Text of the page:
"The thing is, a galaxy in the very early universe is not at all like a galaxy like our Milky Way today," said Gallagher, the director of Western University's institute for Earth and Space Exploration in London, Ont.

"We have a very good understanding of how galaxies like our Milky Way form stars and evolve over time. But we don't really know what those very, very young galaxies were like."

Grids show telescope images that look like black squares filled with colourful dots. Closeups of each grid reveal bright red circles.
A mosaic collected by James Webb of a region of space close to the Big Dipper, with insets showing the location of six new candidate galaxies from the dawn of the universe. (NASA, ESA, CSA, Swinburne University of Technology/University of Colorado Boulder)

But the other possibility, says Gallagher, is that these are, indeed, massive baby galaxies, and the universe simply works differently than we had assumed.

"It just means that basically we thought we understood the story of how galaxies form in the early universe, and we were wrong. And you know what? That's pretty cool," she said.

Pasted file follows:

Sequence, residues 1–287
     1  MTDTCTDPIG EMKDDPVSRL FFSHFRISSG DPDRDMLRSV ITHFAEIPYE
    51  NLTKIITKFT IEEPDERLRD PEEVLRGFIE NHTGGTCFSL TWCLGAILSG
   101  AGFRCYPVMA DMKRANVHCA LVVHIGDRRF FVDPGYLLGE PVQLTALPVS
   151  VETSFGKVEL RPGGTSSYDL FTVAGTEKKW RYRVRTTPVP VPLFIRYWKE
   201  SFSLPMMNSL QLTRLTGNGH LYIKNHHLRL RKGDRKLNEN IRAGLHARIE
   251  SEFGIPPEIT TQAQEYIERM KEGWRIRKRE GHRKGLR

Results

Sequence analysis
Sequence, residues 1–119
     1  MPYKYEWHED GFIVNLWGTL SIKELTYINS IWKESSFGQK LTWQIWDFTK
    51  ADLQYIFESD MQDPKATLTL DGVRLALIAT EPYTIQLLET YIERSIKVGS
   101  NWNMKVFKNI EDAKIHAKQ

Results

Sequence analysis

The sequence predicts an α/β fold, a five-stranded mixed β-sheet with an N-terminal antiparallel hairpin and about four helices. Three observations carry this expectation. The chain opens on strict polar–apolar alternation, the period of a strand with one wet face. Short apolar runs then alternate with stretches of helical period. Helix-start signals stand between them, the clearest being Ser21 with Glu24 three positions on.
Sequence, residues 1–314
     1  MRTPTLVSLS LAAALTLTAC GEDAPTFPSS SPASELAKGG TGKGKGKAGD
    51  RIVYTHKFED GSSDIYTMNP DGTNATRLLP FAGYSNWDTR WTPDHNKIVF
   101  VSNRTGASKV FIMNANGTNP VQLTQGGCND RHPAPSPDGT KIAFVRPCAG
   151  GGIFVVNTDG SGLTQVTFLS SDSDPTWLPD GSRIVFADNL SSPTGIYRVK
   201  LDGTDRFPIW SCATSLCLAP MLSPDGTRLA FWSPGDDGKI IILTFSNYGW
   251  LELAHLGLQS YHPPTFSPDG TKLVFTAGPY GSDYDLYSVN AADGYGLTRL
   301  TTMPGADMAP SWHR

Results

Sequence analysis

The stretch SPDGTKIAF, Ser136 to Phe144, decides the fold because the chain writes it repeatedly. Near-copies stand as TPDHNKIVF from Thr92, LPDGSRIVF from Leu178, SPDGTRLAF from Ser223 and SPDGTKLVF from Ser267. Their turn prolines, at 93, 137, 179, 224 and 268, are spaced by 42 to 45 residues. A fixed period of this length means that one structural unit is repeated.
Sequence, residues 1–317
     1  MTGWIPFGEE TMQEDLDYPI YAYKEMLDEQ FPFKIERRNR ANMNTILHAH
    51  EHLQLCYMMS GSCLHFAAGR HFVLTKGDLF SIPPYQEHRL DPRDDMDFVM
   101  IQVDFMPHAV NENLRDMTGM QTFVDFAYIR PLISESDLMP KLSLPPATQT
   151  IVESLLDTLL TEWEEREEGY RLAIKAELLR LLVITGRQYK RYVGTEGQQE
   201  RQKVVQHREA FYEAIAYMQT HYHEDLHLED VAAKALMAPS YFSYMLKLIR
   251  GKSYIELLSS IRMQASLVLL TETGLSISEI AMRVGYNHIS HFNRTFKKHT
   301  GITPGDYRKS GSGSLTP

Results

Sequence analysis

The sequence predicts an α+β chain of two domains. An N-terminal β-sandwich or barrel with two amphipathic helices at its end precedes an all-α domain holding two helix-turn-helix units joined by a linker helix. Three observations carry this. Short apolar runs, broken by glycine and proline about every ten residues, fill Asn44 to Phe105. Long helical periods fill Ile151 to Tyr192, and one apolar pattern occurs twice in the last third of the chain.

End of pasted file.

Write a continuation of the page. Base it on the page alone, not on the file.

"I mean, that's why you put telescopes like James Webb out there, because you don't know the answer to these questions. And so we'll have to change our understanding."

In that case, Suess says, it means the Milky Way isn't the only way.

"Our Milky Way probably formed much later in the universe, and so we thought that was standard. But it turns out that some things can really form extremely, extremely quickly," she said. "It implies that there's this really large diversity of ways that galaxies can grow."

If there's anything we've learned since JWST launched in December 2021, it's that there's a lot we still don't know.

"With this new telescope, we've opened this whole new view into the distant universe. And it's the very first time we can look at these earliest aspects of the cosmos in this much detail," she said.

"I think right now it's basically the most exciting time in extragalactic astronomy since the launch of Hubble more than 30 years ago. And so, you know, I think the next couple of years will be filled with discoveries like this."

Interview with Katherine Suess produced by Chris Harbord.